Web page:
That’s a remarkable achievement and I, for one, am in awe of those for whom math has become second nature.
The German-born theoretical physicist Albert Einstein once said: “Don’t worry about your difficulties in Mathematics. I can assure you mine are still greater.” Students in the UAE evidently have less to worry about given that the country has advanced eight points in mathematics skills, according to the results of the recent edition of the Programme for International Student Assessment (Pisa). In Dubai, where private schools first participated in Pisa in 2009, students scored 501 for mathematics compared with the OECD average of 489.
That’s a remarkable achievement and I, for one, am in awe of those for whom math has become second nature. Despite starting my career as a business journalist, I can’t say with utmost conviction that I’ve ever loved math. In school, even when I could calculate the time it would take the trains to pass each other, or the value of x when y was equal to or greater than 3n, I would always wonder what kind of real-life situation would require me to do so. I can’t blame my non-interest in maths on the teachers or teaching methods – they remained constant for the kids who excelled at it.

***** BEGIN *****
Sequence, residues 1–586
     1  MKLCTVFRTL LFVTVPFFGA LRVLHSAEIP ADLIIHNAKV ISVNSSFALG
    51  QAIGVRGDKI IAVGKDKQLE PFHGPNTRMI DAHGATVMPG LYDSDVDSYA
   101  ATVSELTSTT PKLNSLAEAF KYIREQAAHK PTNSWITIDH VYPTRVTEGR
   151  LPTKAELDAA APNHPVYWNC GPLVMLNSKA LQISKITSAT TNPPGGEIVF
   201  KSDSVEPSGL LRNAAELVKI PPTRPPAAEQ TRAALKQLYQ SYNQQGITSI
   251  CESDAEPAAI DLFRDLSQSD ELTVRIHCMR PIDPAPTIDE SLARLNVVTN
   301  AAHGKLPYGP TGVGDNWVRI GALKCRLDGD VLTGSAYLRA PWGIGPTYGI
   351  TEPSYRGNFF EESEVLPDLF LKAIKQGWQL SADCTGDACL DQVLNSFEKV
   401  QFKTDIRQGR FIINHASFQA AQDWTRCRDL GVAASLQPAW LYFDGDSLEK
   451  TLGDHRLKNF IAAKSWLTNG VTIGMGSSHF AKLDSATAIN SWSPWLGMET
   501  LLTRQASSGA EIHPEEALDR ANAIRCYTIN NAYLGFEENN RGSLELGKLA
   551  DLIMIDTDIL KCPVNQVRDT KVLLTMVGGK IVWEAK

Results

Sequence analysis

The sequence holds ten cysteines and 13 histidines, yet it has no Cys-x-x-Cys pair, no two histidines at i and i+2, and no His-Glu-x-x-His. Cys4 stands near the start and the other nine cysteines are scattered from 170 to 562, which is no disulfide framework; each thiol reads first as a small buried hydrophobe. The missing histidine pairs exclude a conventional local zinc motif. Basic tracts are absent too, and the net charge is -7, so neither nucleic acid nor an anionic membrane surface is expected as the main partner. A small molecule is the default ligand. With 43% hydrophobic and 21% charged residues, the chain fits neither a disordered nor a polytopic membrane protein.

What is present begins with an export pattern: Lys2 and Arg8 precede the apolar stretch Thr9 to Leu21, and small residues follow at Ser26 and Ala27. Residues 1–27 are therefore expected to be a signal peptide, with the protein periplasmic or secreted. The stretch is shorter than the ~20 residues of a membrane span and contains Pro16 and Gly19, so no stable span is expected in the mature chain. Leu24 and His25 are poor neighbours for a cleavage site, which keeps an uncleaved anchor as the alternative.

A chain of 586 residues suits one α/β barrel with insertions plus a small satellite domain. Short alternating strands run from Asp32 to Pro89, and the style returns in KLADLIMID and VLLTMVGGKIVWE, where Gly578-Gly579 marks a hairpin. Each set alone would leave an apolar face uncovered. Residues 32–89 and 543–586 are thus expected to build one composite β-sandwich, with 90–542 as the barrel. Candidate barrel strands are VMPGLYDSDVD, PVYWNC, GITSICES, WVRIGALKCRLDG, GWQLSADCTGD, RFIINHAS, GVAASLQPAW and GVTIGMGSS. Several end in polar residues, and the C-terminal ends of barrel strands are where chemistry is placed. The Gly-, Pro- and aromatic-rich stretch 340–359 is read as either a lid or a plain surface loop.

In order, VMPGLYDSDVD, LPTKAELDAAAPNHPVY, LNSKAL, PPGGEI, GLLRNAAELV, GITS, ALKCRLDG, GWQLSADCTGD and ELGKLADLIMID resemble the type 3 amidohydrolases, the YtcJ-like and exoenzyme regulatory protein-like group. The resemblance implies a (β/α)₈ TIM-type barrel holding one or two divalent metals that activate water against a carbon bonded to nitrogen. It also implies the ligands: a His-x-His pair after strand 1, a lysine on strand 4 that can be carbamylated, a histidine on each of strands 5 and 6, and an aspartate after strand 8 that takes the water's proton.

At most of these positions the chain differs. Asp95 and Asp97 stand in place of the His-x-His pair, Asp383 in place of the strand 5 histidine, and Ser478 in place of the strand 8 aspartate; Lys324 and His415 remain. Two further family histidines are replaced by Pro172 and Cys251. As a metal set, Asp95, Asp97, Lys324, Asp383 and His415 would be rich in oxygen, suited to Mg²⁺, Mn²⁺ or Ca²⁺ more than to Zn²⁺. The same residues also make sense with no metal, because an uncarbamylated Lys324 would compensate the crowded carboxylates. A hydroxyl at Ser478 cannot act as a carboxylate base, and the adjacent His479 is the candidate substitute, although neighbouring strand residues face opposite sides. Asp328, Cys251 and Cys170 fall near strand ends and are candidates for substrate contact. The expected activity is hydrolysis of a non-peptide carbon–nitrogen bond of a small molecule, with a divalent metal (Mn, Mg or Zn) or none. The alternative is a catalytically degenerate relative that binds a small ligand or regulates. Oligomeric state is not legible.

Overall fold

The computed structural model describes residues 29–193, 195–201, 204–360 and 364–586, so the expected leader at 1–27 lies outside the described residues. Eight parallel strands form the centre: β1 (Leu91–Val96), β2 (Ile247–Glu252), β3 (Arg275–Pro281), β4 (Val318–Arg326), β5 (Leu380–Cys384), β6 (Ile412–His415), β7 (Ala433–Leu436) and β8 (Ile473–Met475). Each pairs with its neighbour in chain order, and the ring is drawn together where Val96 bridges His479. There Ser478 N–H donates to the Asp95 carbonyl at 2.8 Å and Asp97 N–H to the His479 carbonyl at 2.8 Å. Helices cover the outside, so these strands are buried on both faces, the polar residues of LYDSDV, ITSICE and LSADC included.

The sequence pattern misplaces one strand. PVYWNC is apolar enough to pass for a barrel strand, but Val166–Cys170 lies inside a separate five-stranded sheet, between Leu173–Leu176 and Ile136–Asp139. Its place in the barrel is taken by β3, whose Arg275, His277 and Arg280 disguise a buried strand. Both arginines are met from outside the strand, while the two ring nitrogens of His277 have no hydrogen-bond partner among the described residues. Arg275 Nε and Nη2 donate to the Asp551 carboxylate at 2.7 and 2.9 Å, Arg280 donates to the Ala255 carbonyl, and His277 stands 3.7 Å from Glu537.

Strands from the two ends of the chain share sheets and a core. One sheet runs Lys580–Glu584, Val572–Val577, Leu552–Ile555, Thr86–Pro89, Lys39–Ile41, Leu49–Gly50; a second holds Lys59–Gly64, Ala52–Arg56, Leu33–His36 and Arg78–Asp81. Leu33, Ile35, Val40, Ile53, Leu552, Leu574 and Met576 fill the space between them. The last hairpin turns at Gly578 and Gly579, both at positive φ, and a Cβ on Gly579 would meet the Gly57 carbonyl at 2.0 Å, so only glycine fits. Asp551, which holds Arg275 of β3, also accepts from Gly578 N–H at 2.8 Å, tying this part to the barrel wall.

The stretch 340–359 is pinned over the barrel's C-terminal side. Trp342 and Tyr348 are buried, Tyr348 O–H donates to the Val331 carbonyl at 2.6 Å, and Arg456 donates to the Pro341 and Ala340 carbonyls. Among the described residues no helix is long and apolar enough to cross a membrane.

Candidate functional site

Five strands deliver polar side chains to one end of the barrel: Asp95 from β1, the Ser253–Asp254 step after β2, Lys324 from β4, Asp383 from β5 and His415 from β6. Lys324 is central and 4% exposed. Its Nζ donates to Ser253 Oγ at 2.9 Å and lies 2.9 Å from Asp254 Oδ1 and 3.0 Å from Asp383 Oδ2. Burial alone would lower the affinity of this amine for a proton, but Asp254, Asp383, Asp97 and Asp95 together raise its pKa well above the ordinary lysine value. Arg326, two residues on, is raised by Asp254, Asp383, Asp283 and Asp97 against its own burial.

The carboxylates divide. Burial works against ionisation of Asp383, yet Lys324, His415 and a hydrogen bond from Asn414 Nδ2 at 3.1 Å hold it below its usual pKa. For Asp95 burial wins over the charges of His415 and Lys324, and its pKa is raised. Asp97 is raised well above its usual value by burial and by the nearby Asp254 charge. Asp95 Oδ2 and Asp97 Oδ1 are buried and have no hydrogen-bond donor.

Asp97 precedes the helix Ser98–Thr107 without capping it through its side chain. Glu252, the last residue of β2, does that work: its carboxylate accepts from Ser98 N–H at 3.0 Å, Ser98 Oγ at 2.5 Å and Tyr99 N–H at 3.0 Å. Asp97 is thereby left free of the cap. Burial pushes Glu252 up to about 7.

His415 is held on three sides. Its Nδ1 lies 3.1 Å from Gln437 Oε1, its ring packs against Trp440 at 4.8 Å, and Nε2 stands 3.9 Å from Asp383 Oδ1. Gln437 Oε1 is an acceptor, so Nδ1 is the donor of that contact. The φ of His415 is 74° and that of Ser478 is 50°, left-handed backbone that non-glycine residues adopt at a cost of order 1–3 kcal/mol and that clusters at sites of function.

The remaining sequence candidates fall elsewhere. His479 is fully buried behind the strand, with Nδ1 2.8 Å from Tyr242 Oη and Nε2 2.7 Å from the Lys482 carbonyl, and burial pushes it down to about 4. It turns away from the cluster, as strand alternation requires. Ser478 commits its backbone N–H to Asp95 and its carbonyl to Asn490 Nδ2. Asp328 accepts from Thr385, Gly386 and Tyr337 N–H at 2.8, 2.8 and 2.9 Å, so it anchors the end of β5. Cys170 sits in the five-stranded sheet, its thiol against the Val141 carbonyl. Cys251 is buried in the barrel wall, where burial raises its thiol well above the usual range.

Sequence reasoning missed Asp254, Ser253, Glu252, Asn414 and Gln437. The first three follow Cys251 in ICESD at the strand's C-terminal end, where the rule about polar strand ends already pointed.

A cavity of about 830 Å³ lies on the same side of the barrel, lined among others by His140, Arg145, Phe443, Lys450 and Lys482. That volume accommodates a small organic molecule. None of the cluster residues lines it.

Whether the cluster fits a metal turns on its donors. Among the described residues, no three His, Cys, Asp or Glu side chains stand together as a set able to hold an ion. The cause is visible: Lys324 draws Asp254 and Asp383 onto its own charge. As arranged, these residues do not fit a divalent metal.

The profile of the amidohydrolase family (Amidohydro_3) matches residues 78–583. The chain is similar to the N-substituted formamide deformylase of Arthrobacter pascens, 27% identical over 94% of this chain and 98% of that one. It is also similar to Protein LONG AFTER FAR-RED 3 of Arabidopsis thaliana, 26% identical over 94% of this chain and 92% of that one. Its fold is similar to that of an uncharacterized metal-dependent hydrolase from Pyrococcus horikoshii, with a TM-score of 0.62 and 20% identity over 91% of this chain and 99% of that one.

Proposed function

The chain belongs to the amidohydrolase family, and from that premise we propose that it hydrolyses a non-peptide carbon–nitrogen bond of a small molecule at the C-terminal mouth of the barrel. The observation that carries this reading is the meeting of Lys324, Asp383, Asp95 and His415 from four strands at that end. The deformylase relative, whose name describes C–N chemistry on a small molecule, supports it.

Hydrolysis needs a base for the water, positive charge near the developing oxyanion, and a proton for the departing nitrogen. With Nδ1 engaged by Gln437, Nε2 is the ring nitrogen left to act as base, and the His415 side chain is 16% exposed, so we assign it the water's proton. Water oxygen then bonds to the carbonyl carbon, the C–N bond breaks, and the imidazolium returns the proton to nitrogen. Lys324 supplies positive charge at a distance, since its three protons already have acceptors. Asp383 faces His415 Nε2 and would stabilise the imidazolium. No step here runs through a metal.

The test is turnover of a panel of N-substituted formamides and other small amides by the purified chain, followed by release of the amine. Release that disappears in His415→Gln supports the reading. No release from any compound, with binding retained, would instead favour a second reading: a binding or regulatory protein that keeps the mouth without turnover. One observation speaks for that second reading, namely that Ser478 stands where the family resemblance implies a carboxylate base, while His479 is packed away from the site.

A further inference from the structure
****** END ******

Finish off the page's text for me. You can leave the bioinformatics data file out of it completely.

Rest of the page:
Then I started becoming afraid of maths and my confidence took a hit. That’s when I failed maths – and maths failed me. Now that I have the luxury of hindsight, I think it was my attitude towards the subject. For some reason, I came around to believing that I wasn’t a maths person, that I wasn’t cut-out for the subject – and that made everything more complicated and cumbersome down the chain.
Maths is nothing but critical thinking and logic. I think that’s where Dubai and the UAE schools are getting it right. They’re focusing on more than just the subject in which to prep the students. They’re focusing on building the students’ confidence, developing an analytical mindset, and encouraging problem-solving. And therein lies the beauty of the concept. As Einstein put it succinctly, “Pure mathematics is, in its way, the poetry of logical ideas.”
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